On Monday (January 17), Eastbourne Borough Council’s licensing committee discussed proposals surrounding the town’s Cumulative Impact Assessment (CIA) policy.
The special policy places additional restrictions on new licenced businesses (such as pubs, clubs and late night takeaways) opening within the town centre, with the intention of preventing the area from becoming oversaturated.
However, concerns have long been raised that the policy is now out-of-date and it is instead putting off new businesses from coming to the town.
In light of this, the council held a consultation last year on whether to remove the CIA policy and what, if anything, should replace it. The most popular option with consultees was to remove the policy, but to replace it with a set of ‘licensing principles’ instead.
These principles would lay out what the council would or would not normally approve of when considering licensing applications. They included opening hours of no later than 2am, a restriction on outdoor seating after 11pm and an expectation that all premises would have CCTV.
While this was the most popular option from the consultation, councillors were uncomfortable with adopting these principles, as it was felt they could still put off new businesses from relocating to the town.
At the same time, it was also felt that the new principles would not add much benefit, as they could not be applied in all cases anyway, with every application being considered on its own merits.
Jim Murray (Lib Dem, Hampden Park) said: “The reason why we are looking to remove the cumulative impact zone is because we are trying to encourage more businesses. It is seen as obstructive and people see it is easier to go somewhere else.
“We are looking to do that to facilitate businesses coming to the town and I think [to do that] we need to remove the principles as well.”
This was a view shared by Shoes Simes, chairwoman of the Eastbourne Business Improvement District. She said: “Every single case that comes forward you look at, the police look at, residents look at. Why do we need different licensing principles to the rest of the country?
“Why are you trying to find something that fits all, when you look individually at every case. I would really be in favour of just scrapping the [cumulative impact policy] and not putting in the licensing principles.”
In light of these views, the committee favoured an option of removing the CIA policy without adopting new principles as a replacement.
While the majority of the committee felt the same way, a different viewpoint was put forward by Meads councillor Barry Taylor (Con), who felt it was wrong to remove the CIA policy at the moment as the industry was feeling the effects of Covid.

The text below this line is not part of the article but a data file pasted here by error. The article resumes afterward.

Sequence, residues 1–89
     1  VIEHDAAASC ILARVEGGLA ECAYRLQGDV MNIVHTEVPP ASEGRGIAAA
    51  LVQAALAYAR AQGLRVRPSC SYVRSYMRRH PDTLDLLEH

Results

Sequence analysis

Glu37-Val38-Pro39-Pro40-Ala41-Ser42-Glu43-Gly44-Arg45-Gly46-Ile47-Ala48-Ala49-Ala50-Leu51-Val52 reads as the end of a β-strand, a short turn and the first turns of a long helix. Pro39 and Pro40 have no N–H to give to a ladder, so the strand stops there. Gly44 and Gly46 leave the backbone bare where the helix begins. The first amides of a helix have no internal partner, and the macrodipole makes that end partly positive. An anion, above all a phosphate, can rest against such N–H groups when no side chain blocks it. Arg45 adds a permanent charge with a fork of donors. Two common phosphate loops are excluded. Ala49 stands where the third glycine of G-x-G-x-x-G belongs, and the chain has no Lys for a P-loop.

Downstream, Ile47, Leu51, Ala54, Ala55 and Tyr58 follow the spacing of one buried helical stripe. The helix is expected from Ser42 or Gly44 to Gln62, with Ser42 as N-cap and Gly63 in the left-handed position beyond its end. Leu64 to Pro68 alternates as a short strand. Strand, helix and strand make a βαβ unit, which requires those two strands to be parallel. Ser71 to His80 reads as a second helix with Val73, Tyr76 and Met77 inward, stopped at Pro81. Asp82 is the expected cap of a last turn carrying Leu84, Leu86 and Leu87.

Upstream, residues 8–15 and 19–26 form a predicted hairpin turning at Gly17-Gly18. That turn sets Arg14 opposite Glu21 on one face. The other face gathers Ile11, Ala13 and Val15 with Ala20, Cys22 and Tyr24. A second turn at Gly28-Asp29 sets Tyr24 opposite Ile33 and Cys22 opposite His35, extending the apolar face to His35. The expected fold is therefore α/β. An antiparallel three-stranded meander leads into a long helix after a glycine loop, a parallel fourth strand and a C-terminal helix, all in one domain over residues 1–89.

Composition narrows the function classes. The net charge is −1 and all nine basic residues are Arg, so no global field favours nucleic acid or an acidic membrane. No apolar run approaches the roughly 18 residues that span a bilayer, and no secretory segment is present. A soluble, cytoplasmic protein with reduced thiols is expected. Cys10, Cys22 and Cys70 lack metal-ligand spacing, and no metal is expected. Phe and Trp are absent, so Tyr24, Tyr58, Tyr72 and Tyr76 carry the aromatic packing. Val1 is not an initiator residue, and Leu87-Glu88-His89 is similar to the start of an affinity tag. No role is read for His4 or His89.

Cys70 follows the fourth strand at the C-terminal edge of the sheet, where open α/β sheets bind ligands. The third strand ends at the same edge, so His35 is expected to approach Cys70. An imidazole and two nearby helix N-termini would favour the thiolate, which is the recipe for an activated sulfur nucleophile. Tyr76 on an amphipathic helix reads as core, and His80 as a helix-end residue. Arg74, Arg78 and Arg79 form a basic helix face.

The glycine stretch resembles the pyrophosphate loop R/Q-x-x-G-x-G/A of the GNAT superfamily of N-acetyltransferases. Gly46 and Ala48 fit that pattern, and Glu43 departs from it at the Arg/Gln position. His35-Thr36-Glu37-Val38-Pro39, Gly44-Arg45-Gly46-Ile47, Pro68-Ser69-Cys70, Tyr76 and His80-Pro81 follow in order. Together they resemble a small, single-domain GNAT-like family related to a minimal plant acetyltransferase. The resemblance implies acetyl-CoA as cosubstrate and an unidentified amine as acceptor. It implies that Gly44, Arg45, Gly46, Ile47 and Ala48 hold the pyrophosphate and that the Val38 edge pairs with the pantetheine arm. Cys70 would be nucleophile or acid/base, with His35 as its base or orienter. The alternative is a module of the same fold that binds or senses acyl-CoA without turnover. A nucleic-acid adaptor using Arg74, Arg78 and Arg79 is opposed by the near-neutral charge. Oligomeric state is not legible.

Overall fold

As a result, he said removing the CIA policy would be premature at this time. Other committee members disagreed, however.
The councillors’ preferred approach had also been an option in the consultation, but had not gained much support.
In all 47 people responded to the consultation: 22 were in favour of removing the CIA and adopting the new principles; 16 were in favour of keeping the CIA in place; while only four supported the approach favoured by councillors.
The other three respondents either supported changing the area the CIA policy covered or disagreed with all of the options on offer.
Even so, the committee ultimately voted unanimously to back removing the CIA policy without adopting the new principles.
Peter Diplock (Lib Dem, Old Town) said: “I really do agree that we need to focus on business and restoring the economy of our town, but I think it is just worth highlighting the needs of the residents.
“There are a lot of concerned residents who, rightly or wrongly, think the cumulative impact zone is a good thing. Who rightly or wrongly think that if we get rid of it, the police won’t have an input into any licensing application that comes forward, when of course they do.
“I am really happy to support [this approach] but I just want to reassure residents that even if we get rid of the zone and not replace it with the principles that doesn’t mean it is a free-for-all. There are still enormous safeguards and this committee takes those very, very seriously.”
After further discussion, the committee agreed it would recommend the council remove the policy without adopting new licensing principles. A final decision will be made through a full council vote in the near future.